Whatever your personal valley of suffering contains, the Lord walks with you:
He ventures through the valley of suffering with the couple longing to grow their family but are grieving yet another miscarriage.
He ventures through the valley of suffering with the woman who watches her aging parent lose her independence and freedom as her body no longer allows her to experience the activities she once loved. Or his mind no longer permits him to carry on the conversation with the intellect he once had.
The Lord ventures through the valley of suffering with the parents who watch helplessly as depression steals the joy of their once active child.
The Lord ventures through the valley of suffering with the young mom who feels she has been lost in the apparent monotony of diaper changes, school lunches, her spouse’s work dinners, laundry, and dog messes.
The Lord ventures through the valley of suffering with the man who works tirelessly to provide the life he wants for his family while being unable to make ends meet.
The Lord ventures through the valley of suffering with the parents who hear their child tell them he is challenging his gender identity and sexuality.
The Lord ventures through the valley of suffering with the elderly man who has buried his wife, sees his children and grandchildren less and less, and is not sure where his relevance lies anymore.
The Lord ventures through the valley of suffering with the lonely man or woman who wants to be in the role of spouse, but cannot seem to find a counterpart.
The Lord ventures through the valley of suffering with the parents who desperately watch their child miss developmental milestones not knowing where to turn for answers.
Only one walked through the valley of suffering alone. Christ hung on the cross, separated from the Father so his people would never have to be. Christ suffered alone so his beloved would never suffer alone. Hebrews 2:10 says:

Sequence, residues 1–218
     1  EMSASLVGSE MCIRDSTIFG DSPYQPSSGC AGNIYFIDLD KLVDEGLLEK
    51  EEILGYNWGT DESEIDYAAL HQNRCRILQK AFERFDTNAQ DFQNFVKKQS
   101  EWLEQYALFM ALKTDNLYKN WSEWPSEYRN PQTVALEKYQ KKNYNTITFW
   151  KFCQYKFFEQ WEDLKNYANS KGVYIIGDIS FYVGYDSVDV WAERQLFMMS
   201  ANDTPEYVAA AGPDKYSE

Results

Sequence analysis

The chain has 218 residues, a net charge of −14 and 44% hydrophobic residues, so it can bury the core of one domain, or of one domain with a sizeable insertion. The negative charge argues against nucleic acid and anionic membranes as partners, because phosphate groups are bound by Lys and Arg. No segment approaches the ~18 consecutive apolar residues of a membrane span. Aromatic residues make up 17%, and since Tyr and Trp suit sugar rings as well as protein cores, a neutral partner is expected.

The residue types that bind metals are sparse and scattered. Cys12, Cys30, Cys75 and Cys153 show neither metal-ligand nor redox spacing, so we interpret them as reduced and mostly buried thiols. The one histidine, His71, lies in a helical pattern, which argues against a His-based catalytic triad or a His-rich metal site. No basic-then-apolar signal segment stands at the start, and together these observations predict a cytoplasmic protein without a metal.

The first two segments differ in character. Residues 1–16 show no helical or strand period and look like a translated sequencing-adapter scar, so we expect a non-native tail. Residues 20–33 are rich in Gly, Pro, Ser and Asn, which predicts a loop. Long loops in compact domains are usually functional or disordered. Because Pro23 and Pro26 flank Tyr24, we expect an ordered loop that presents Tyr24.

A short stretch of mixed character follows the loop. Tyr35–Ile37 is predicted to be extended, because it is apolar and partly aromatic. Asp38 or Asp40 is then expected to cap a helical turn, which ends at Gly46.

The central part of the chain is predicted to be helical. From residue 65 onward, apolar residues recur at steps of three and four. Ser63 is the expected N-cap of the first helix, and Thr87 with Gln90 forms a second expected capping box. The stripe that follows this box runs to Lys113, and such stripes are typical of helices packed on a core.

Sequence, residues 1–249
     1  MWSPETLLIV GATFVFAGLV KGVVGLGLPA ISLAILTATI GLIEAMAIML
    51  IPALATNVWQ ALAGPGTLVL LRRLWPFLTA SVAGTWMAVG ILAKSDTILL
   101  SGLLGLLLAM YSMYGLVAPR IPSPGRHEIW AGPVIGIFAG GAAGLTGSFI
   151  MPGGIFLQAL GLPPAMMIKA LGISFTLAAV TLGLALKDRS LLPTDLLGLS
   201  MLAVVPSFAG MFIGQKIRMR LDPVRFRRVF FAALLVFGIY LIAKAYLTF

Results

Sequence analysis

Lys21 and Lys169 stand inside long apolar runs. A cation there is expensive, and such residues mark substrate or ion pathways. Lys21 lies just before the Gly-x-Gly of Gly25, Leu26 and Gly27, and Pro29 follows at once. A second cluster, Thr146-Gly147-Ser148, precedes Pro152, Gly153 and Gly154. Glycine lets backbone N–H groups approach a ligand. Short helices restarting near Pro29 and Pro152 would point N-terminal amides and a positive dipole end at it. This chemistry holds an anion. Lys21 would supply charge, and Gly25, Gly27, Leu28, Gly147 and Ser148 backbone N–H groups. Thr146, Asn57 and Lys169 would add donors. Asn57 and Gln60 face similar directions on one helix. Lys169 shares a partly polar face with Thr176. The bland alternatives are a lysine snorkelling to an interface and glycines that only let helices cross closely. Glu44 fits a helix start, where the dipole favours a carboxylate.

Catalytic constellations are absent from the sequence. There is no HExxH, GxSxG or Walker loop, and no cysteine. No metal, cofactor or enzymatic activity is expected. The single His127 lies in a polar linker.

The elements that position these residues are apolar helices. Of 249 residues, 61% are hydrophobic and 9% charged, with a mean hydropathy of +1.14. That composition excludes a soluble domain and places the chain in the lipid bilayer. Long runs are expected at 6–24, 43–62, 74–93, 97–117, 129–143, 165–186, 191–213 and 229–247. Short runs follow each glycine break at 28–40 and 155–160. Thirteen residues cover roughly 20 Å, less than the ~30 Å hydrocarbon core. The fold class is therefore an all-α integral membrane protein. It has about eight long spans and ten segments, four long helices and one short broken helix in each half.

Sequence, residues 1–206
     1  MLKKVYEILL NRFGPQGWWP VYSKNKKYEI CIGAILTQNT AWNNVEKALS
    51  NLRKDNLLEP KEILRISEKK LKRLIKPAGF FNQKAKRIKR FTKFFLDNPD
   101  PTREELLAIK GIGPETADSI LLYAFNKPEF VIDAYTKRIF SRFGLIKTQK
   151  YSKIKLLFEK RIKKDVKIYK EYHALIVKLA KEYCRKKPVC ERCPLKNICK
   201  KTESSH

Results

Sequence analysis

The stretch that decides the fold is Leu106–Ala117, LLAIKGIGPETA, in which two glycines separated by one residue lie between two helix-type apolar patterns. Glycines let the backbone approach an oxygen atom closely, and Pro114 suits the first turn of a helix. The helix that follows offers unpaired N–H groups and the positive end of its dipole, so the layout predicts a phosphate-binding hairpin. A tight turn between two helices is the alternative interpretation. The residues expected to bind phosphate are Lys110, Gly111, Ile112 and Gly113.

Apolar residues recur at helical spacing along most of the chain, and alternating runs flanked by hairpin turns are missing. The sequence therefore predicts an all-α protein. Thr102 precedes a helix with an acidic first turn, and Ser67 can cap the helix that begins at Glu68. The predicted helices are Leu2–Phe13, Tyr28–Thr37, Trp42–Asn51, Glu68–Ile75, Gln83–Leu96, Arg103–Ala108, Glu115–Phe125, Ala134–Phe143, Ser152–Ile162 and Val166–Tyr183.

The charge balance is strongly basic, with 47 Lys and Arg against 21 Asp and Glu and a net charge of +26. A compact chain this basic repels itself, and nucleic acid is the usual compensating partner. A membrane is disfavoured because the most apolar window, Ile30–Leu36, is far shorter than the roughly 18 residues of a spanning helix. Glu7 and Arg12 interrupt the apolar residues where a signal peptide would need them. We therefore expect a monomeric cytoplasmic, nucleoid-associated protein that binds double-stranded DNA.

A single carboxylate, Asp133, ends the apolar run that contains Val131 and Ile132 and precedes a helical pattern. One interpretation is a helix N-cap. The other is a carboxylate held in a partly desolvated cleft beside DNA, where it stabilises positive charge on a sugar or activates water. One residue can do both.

“For it was fitting that he, for whom and by whom all things exist, in bringing many sons to glory, should make the founder of their salvation perfect through suffering.”
Not only does the Lord walk with us in our suffering and strengthen us with his Word and Sacraments, he also surrounds us with pastors, mentors, and brothers and sisters in Christ to lift us up and encourage us in His promises. 2 Corinthians 1 encourages Christians to comfort and encourage one another:
“Blessed be the God and Father of our Lord Jesus Christ, the Father of mercies and God of all comfort, who comforts us in all our affliction, so that we may be able to comfort those who are in any affliction, with the comfort with which we ourselves are comforted by God.” (2 Corinthians 1:3–4)
As citizens of a sinful world, suffering is our inescapable reality. Hope can only be found in the Lord.
“Who shall separate us from the love of Christ? Shall tribulation, or distress, or persecution, or famine, or nakedness, or danger, or sword? . . . No, in all these things we are more than conquerors through Him who loved us. For I am sure that neither death nor life, nor angels nor rulers, nor things present nor things to come, nor powers, nor height nor depth, nor anything else in all creation, will be able to separate us from the love of God in Christ Jesus our Lord.” (Romans 8:35, 37–39)
Fill out the form below for a free chapter of Hope When Your Heart Breaks, by Michael Newman.